Jessica Grose’s life as a freelance journalist was pretty sweet: steady work from Slate, Elle, and New York magazine was rolling in; her second book The Closest Marriage was done. Nothing, it seemed, could pull her back into the daily hustle of a staff job.
Except maybe the opportunity to work as editor-in-chief for Lena Dunham and Jenni Konner’s forthcoming weekly newsletter Lenny.
“I really thought I would never go back to a full-time staff job,” Grose says. “This project came along, and it was just so exciting and inspiring for me–it was starting something from the ground up, which I had never done before.”
Dunham, one of Fast Company’s Most Creative People and creator and star of Girls, and Konner, producer and showrunner for Girls, announced in July their plan to start “an email newsletter where there’s no such thing as too much information,” covering topics of “feminism, style, health, politics, friendship,” and everything in between. Lenny will also feature original fiction, and recently previewed what’s to come with its first issue of short stories (see the above slideshow for more on that). As it stands, Lenny’s format will be five stories: one long read in the ballpark of 1,000 to 2,000 words, and four shorter pieces. Lenny has a tentative launch date of September 29. Here, Grose (who has written for Fast Company) explains why she’s basking in the slower side of the news cycle–and Lenny’s place in the women-centric media galaxy.
“I love the daily news cycle, but as a writer and an editor I had gotten burnt out,” Grose says. “I was just exhausted by always having to come up with a fresh angle on the news and everyone talking about the same thing.”
Part of Lenny’s appeal for Grose was its second-day, magazine-style approach to topical events, which, in turn, Grose hopes will give readers less static and more substance. Take, for example, Dunham’s Q&A with Chenai Okammor, a colleague and friend to Sandra Bland, the black woman whose death in a holding cell following her arrest in July stoked yet more claims of recent injustices against the black community at the hands of police officers. In the conversation, Dunham focuses on Bland’s mentor and the website Woman4Woman they were going to launch together.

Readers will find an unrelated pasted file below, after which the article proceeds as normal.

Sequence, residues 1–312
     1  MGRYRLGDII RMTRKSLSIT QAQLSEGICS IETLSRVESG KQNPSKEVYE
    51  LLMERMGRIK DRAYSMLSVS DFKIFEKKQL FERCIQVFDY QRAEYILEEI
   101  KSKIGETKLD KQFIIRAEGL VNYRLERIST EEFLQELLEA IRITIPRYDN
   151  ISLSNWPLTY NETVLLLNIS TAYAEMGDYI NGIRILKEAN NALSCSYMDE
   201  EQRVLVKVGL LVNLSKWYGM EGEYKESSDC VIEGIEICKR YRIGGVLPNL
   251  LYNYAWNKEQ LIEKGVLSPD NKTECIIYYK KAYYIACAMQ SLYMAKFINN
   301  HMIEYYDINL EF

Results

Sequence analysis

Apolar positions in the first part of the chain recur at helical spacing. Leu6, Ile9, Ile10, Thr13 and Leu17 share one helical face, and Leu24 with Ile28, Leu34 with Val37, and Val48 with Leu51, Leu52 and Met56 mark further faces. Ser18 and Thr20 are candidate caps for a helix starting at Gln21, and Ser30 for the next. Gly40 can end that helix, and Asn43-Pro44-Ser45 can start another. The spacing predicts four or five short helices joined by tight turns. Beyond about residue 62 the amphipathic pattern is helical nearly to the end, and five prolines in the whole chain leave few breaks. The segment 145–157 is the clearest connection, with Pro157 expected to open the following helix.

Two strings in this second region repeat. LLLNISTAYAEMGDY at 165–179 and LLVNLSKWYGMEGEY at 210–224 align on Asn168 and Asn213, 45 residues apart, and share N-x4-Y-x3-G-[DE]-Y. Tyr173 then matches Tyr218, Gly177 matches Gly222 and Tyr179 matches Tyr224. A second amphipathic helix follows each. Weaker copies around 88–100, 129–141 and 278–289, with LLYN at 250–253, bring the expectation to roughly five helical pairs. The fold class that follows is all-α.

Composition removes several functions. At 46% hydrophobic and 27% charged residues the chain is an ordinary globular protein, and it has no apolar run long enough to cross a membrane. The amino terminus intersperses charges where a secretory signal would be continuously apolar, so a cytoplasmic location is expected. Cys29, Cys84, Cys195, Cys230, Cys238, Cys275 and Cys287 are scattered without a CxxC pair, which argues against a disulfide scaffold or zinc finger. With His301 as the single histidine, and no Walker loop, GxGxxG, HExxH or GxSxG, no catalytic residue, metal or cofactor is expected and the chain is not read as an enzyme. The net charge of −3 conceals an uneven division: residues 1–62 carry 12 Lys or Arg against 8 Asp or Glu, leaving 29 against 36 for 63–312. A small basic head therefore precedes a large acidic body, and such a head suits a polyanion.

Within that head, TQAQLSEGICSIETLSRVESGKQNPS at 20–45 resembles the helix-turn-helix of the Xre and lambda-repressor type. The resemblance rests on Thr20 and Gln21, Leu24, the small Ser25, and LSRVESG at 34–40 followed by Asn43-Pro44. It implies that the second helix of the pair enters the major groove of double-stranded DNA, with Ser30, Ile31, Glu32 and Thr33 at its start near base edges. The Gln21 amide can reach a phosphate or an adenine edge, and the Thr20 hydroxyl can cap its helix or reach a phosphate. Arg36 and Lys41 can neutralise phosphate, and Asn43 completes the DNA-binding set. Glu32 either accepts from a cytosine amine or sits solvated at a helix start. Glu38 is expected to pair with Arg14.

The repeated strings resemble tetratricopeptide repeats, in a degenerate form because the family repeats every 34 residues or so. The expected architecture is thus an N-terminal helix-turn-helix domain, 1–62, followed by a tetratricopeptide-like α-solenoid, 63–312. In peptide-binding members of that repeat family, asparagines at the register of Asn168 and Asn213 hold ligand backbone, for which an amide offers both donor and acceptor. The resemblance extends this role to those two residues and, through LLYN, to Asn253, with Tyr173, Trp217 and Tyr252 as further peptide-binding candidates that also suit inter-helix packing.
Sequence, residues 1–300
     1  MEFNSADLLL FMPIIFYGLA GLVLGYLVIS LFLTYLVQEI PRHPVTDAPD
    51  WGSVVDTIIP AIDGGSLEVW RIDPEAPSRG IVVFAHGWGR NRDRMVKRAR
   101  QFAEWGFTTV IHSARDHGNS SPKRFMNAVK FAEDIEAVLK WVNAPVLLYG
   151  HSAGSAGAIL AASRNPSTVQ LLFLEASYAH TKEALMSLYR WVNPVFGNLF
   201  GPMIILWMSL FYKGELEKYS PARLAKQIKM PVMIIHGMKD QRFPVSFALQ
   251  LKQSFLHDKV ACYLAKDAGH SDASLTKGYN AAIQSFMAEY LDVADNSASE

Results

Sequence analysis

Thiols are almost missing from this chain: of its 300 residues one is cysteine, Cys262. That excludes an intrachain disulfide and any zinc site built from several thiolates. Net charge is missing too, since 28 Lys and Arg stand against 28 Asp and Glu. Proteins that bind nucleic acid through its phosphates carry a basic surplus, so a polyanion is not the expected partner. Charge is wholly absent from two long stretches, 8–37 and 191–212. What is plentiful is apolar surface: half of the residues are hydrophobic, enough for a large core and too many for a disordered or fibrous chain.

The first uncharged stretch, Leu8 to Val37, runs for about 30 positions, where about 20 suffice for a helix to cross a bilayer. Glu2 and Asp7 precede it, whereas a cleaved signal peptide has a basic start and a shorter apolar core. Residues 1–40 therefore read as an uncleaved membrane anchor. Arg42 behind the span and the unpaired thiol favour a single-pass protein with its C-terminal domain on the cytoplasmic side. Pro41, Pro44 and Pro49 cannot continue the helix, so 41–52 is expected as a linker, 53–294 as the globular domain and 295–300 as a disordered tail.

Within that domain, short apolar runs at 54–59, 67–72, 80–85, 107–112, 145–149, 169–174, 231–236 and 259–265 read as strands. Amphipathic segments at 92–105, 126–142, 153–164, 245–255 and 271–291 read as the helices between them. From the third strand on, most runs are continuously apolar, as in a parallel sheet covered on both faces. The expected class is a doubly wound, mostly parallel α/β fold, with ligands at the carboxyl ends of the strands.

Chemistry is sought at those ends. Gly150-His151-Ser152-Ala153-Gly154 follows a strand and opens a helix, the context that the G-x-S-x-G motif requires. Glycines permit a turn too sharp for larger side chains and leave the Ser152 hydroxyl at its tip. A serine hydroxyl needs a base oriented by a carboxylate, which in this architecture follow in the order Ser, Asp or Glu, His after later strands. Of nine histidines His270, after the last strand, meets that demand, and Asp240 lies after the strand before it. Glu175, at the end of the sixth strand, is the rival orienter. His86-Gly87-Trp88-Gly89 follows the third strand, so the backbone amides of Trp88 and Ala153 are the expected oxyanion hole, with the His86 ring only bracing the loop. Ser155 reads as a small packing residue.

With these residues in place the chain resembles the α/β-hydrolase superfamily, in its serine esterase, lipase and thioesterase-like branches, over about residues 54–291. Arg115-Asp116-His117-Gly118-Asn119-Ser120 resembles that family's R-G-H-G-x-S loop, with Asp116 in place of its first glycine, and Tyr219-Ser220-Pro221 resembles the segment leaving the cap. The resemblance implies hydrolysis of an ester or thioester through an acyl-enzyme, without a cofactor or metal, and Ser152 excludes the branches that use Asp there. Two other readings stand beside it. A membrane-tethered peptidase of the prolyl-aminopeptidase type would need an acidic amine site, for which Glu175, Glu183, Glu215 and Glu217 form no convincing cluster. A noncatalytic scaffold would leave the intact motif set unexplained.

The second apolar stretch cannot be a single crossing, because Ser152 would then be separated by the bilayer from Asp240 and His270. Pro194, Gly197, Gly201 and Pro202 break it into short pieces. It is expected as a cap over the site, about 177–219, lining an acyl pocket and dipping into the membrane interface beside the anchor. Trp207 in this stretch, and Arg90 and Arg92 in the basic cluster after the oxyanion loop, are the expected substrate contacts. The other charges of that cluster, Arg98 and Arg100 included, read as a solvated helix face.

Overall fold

Given Lenny’s format as a weekly newsletter, where space for content and timelines are to be considered, national stories like Bland’s will indeed be discussed, “but it’s going to be in a thoughtful way,” Grose says.
Lenny will join an already loaded club of feminist-leaning blogs and sites–Jezebel, The Hairpin, and the newly launched Broadly, to name a few–each with a specific tone on the topic. Grose is perfectly fine with this.
“We’re not reinventing the wheel, but, hopefully, making the wheel a little more spiffy,” Grose says. “We’re not trying to be a monolith in any way. Our feminism is pro-choice feminism, and beyond that, it’s totally open and fluid and as different as the many contributors we’re going to have. It’s also intersectional, having a diverse number of voices that aren’t just racially diverse but also in terms of gender expression. That’s super important to us.”
Whether or not Lenny competes with similar websites isn’t important to Grose. What matters is that there is an audience hungry for information about both women’s rights and fashion tips.
“The inspiration [for the newsletter came] when Lena was on her book tour. She didn’t just do the regular book tour where she was at bookstores and read part of her book, she made it this event,” Grose says. “Every place she went, she had poets and singers, and she was meeting all these amazing young women in the audience. So Lena wanted a way to keep that conversation going.”
That idea of extending conversations of both broader and narrower women’s issues comes at the perfect time in culture right now. Feminism has re-entered the zeitgeist in a way that can’t be ignored, and which makes Lenny’s presence feel that much more urgent.
“I think we’re in a moment where women’s rights do feel somewhat in peril,” Grose says. “Women’s rights are being beaten back at the state level, and that is really upsetting and troubling.”